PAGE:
11 Employee Questions that Every Manager Must Be Able to Answer

Manager and Workers Talking
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There are basic, fundamental, essential employee questions that every manager must be able to instantly answer. And the following ten answers don’t count:  

  1. “I don’t know.”
  2. “I’ll think about it and get back to you.” (And then don't.)
  3. “What do you think?”
  4. “None of your business.”
  5. “I’m a strategic manager; I don't have time for these details.”
  6. “Check with HR yourself.”
  7. “Ask around with your co-workers and let me know what you find out.”
  1. “Good question!”
  2. “We don’t share that kind of sensitive information around here.”
  3. “Why are you asking?” (In an accusatory tone)

These answers will make you look incompetent, out-of-touch, uncaring, and/or aloof. 

See “12 Ways for Leaders to Build a Solid Foundation of Trust with their Employees.”

Eleven Questions Every Manager Must Be Able to Answer:

If you don’t know the answers to any of the following questions, now would be a good time to do a little research! It pays to be prepared. 

1. What is expected of me?

Knowing and understanding the expectations of any job starts when the job opening is created and posted, which should come from a position or job description. Being able to explain the essential duties and skills required should be part of the interviewing and selection process, and continues with employee onboarding.

Expectations include key result areas, standards, goals, and required knowledge, skills, and abilities (competencies).

As business conditions and requirements changes, roles and responsibilities continuously must evolve. Problems will occur when these employee expectations change in the manager’s mind, but are never communicated to the employee.

Finally, employees should be evaluated on expectations that have already been communicated – there should be no surprises at the annual evaluation.

See “How to Write Real Performance Expectations that Make a Difference.”

2. How is my pay determined?

While managers should not be expected to be compensation experts, they should have a basic understanding of a company's pay philosophy, structure, wage grades, and policies. They should know what a job is worth on the external market and where the employee falls within a wage grade (below midpoint, at, or over). When it comes time to administer merit raises, they should be able to explain to an employee the rationale behind their increase (or lack of).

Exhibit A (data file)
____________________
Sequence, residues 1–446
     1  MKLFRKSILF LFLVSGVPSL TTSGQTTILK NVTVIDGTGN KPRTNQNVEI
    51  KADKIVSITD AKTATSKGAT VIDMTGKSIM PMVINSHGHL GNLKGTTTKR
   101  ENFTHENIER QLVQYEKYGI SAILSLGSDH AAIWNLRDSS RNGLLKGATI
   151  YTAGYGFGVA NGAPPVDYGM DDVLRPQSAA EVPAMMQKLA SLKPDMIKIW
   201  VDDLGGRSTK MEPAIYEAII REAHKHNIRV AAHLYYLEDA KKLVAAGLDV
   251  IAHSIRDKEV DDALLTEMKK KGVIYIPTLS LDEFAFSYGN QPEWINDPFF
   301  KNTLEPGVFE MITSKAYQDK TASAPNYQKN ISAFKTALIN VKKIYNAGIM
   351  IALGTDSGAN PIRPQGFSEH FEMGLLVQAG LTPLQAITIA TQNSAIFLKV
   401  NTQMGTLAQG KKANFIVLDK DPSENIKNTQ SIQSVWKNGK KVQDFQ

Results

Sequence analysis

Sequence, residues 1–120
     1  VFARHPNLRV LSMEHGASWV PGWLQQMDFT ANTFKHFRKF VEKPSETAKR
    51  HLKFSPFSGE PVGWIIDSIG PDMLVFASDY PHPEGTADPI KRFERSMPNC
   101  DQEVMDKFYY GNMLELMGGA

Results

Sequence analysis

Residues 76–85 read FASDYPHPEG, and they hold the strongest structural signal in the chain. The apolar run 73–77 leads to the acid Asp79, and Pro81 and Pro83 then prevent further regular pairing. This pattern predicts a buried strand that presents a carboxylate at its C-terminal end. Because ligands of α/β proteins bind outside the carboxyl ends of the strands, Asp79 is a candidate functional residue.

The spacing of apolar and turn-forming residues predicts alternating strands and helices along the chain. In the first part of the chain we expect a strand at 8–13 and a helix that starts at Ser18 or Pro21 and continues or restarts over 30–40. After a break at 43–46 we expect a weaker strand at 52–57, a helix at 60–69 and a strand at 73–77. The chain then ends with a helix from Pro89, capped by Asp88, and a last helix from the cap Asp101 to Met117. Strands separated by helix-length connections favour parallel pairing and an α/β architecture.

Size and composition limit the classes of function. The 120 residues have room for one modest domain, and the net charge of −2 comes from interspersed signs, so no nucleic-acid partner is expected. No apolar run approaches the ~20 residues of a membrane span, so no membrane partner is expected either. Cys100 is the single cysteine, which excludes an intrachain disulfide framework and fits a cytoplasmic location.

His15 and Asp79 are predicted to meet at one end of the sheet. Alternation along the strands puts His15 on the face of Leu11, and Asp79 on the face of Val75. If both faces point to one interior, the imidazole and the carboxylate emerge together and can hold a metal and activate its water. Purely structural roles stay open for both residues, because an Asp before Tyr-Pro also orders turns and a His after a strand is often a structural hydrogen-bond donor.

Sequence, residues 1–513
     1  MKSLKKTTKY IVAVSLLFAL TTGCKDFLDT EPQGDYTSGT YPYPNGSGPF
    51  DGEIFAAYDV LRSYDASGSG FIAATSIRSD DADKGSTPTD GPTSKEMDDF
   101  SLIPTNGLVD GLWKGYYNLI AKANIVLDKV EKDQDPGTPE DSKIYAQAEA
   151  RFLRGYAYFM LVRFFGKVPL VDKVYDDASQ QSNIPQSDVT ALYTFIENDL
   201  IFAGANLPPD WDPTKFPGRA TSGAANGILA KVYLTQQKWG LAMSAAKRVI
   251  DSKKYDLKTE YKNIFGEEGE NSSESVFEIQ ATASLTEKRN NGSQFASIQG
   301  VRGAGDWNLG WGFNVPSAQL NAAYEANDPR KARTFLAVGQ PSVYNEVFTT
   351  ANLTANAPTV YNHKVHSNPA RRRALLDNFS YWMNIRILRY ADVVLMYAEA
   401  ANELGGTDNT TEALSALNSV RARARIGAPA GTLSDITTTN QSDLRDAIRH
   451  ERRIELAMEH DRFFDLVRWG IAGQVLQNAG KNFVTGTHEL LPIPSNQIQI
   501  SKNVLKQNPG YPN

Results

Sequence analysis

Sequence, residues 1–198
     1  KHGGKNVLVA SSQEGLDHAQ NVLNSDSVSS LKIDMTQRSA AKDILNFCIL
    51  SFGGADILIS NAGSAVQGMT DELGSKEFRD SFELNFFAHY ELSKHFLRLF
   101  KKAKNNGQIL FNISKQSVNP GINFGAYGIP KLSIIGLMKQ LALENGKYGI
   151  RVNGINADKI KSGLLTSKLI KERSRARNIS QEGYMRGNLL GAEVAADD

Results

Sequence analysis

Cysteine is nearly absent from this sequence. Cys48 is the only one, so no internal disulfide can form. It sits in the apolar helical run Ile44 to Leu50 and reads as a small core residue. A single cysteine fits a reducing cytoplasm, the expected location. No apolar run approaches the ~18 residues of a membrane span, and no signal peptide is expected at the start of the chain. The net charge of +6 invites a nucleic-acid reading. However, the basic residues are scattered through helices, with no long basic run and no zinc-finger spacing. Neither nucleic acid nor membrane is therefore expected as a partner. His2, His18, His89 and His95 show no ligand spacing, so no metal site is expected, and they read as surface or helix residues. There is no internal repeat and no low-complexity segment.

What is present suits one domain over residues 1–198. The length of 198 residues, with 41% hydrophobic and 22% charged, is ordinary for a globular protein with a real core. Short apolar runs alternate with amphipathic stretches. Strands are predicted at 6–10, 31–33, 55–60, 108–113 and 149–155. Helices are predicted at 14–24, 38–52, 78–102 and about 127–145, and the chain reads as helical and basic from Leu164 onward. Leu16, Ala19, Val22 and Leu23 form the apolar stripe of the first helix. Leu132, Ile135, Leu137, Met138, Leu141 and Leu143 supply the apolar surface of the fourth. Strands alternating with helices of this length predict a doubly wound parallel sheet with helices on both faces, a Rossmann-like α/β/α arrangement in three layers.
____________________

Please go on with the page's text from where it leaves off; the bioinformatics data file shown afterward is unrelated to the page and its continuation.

I realize a lot of organizations are not at all transparent when it comes to compensation, which I believe is a mistake. Employees are going to find out or make up their own answers, so you may as well make sure they have the right information.

3. When am I expected to be here?

Employees need to know their core working hours, paid time off allowances, company holidays, sick day rules, vacation scheduling policy, overtime rules, remote work policy, and any other unwritten rules about work schedules and times off.

4. What are my benefits?

A manager also does not need to be a benefits expert, but they should be able to readily access an employee handbook or online website that provides detailed benefit information for every type of employee.

5. How am I doing?

This question is getting at the need for feedback. Some would say that the millennial generation places an even greater value on feedback. Employees need reassurance that are meeting expectations and corrective feedback when they are not. Feedback should be ongoing, specific, timely, and sincere in order to be effective.

6. How are we doing?

Employees also want to be kept up to date as to the overall health of your unit and company performance. All managers should be able to not only answer questions about their own unit’s performance, they should have enough business acumen to discuss overall company performance. If your company uses a scorecard to monitor performance over time, this is an ideal tool to leverage to keep employees properly informed. 

7. What resources and opportunities are available for my development?

Managers play a critical role in the development of their employees. They can provide feedback, access to mentors, coaches, and other subject matter experts, job assignments, and recommendations (and financial support) for training programs. “Good luck, you’re on your own,” won’t cut it with today’s employees.

See:

10 Really Lame Reasons for Not Developing Your Employees

10 Powerful Ways to Develop Your Employees

8. What do I need to do to become a ______?

In addition to being able to discuss development of the current job, managers should be able to provide guidance and support to help employees move on to the next position they are striving towards.

9. What are your core values?

All leaders should not only be clear on their core values (what’s important to them), but they should also be able to communicate those values to their employees.

10. What’s your vision?

Yes, the questions are now perhaps getting harder to answer. That’s because we are addressing leadership questions now, not just management questions. A leader should have a compelling, inspiring vision for the future that people are wanting to rally around and follow.

See “How to Align Your Team Around a Shared Vision.”

11. What is our culture?

Employees won’t always ask about culture, but they may ask about unwritten rules, or “the way things work around here.” Strong cultures can drive strong business performance, and high performing organizations understand the importance of communicating and reinforcing their culture.

See “A Manager’s Guide to Creating and Maintaining a Professional Work Environment.”

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Updated by Art Petty